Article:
Other than the sniffles, however, I think I can safely say things are all back as they should be (or as near as makes no difference). I've still got the previously-mentioned drafts to finish but once again something unexpected has come along to upset the order of things (albeit in a totally good way).
That something was another Antique and Collectors Fair at Runnymede Hall in Benfleet, Essex. Literally just around the corner from my parents, I took full advantage of the fact and stopped in for lunch before mater and I went down there for an afternoon's browsing. I can hardly believe that it has been a whole year since last I went to one of these (they're roughly bi-monthly at Benfleet, with others held at various locations in Essex), although of course I've had my reasons(!).
When I attended the February 2012 event, at which I picked up two 1930s non-U.K. pennies as told here, I mentioned my surprise at the high prices in evidence and speculated (hoped!) that it was the exception rather than the rule on the basis of other antiques emporia I had visited around the same time. I'm delighted to say, based on my experience yesterday, that that seems to have been the case as prices this time were much more reasonable and there were several things that, were I more flush with cash, I might have considered buying. I don't think for one minute that the antiques and collectibles market is in any kind of trouble either locally or nationally; I believe this was more a case of dealers coming to their senses, reigning in their ambitions and being keener to sell (there was much more of that on display too - lots of deals, half price tables, "everything must go", "make me an offer" and the rather amusing "buyers wanted, no experience necessary!" signs). It was a slightly smaller affair than last year - the picture above, taken in April 2012, gives a good idea of the scale this time too - but it was well-attended and there were some interesting items, as I mentioned.
I (or, I should say, we) didn't come away empty-handed this time either and it was thanks in part to mother's eagle eye. One of the first tables we came to contained heaps of odds and ends, many of them Second World War vintage (ironically it was run by a friendly German stallholder who, like most of the traders there, was keen to chat). Half hidden beneath some old matchbooks, pin badges and similar knick-knacks were some papers. Closer inspection revealed them to be - knitting patterns, all it seemed from around the early/mid 1940s!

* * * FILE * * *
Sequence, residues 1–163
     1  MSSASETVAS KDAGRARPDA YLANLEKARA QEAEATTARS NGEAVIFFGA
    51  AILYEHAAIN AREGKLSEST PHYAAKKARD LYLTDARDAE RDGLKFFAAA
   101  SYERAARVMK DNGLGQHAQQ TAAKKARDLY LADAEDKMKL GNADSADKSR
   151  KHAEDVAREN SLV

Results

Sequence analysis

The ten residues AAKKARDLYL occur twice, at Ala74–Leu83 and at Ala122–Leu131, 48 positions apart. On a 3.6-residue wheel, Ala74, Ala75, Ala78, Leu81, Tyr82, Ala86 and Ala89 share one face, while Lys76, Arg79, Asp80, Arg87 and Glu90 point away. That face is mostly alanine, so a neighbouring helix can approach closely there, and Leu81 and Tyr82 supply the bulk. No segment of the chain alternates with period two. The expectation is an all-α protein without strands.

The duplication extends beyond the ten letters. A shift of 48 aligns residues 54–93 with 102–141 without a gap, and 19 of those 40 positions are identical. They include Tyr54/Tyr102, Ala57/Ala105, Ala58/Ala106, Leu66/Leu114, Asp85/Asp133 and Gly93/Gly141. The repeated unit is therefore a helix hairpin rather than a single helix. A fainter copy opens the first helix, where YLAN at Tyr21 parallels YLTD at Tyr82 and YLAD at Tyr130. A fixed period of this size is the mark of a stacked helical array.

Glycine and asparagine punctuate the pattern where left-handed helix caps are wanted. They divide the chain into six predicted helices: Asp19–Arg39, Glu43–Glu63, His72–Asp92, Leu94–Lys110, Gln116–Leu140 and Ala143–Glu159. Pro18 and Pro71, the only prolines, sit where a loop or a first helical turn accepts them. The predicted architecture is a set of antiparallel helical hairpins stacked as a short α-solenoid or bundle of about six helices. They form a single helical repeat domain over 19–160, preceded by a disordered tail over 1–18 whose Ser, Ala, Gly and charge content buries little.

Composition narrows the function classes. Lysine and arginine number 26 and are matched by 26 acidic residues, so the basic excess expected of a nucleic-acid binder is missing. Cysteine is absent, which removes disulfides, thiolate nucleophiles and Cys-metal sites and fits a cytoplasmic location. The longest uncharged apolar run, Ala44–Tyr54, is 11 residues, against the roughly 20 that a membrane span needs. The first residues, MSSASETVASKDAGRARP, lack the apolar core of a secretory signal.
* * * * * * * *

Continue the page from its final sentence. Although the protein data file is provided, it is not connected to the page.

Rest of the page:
Having leafed through all ten and with mater on a bit of a knitting kick we agreed to buy, for 50p, the one that looked the best for yours truly - as illustrated by the handsome chap above (I can guarantee I won't look as dapper, I'm afraid!). We then continued round the rest of the hall, stopping for some tea and cake on the way. During this break the discussion returned to the remaining 9 patterns and after some deliberation I went back to see if I could take our Teutonic friend up on his offer to "do a deal" on all of them. As if to underline my earlier point about this particular fair, he was happy to let the rest go for a paltry £3! So, without further ado, here are the rest!
Might see if I can get Ma to have a crack at the men's slippers, although I think she might be rather dubious about using "rug wool" and making the leather soles(!).
Researching Sirdar Wools I was surprised and pleased to find that they're still in business!
A great advert for Lee's Wools in one of two Woman's Weekly pattern sections, this one from November 1940. Perhaps Tups will be able to tell us the name of the model? ;-)
On the other side, a double pattern for "Stocksize" and "Outsize" ladies vests. Unfortunately, the "opposite page" which details the materials needed is missing. Any suggestions from the knitters out there?
No such problems with this great, brilliantly modelled pattern from a later Woman's Weekly dated the 5th August 1944.
Mum has offered to do these gloves too. I'll have to supply the binoculars and tin hat myself, though! ;-p
Hang on, this model looks familiar(!). Could it be Tups' favourite and subject of her latest post, Miss Peggy Chester?!
"They Always Need Socks", is the subtitle on the reverse of this pattern. Something that still holds true today, I can tell you. Maybe I should see about dusting off my very basic knitting skills with a pair of these fellows...?
Even mother was getting carried away at this point, but she did say that she might have a try at the bag too. If she does I'll be sure to try and get some pictures of it.
All in all a splendid day out for all concerned. I get some vintage knitting patterns to blog about (and reap some woollen rewards from!) and mother gets some more things to knit.
I'm looking forward with renewed anticipation to the next fair in April, as well as some others elsewhere locally that I may blog about in the future. In the meantime I hope you've all enjoyed sharing in my latest acquisitions and I hope to have some new knits to show you soon.